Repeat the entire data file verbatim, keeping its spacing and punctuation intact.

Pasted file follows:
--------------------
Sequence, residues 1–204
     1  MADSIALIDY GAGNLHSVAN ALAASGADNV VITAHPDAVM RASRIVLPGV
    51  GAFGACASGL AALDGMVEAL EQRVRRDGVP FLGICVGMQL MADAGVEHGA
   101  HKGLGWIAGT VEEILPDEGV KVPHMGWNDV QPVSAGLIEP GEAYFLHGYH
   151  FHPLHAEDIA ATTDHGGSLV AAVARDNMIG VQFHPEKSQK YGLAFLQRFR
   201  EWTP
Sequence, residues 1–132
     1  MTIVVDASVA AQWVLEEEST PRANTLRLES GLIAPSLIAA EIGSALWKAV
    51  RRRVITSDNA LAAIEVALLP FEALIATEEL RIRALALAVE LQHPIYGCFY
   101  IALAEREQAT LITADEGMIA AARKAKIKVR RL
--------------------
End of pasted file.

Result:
Sequence, residues 1–204
     1  MADSIALIDY GAGNLHSVAN ALAASGADNV VITAHPDAVM RASRIVLPGV
    51  GAFGACASGL AALDGMVEAL EQRVRRDGVP FLGICVGMQL MADAGVEHGA
   101  HKGLGWIAGT VEEILPDEGV KVPHMGWNDV QPVSAGLIEP GEAYFLHGYH
   151  FHPLHAEDIA ATTDHGGSLV AAVARDNMIG VQFHPEKSQK YGLAFLQRFR
   201  EWTP
Sequence, residues 1–132
     1  MTIVVDASVA AQWVLEEEST PRANTLRLES GLIAPSLIAA EIGSALWKAV
    51  RRRVITSDNA LAAIEVALLP FEALIATEEL RIRALALAVE LQHPIYGCFY
   101  IALAEREQAT LITADEGMIA AARKAKIKVR RL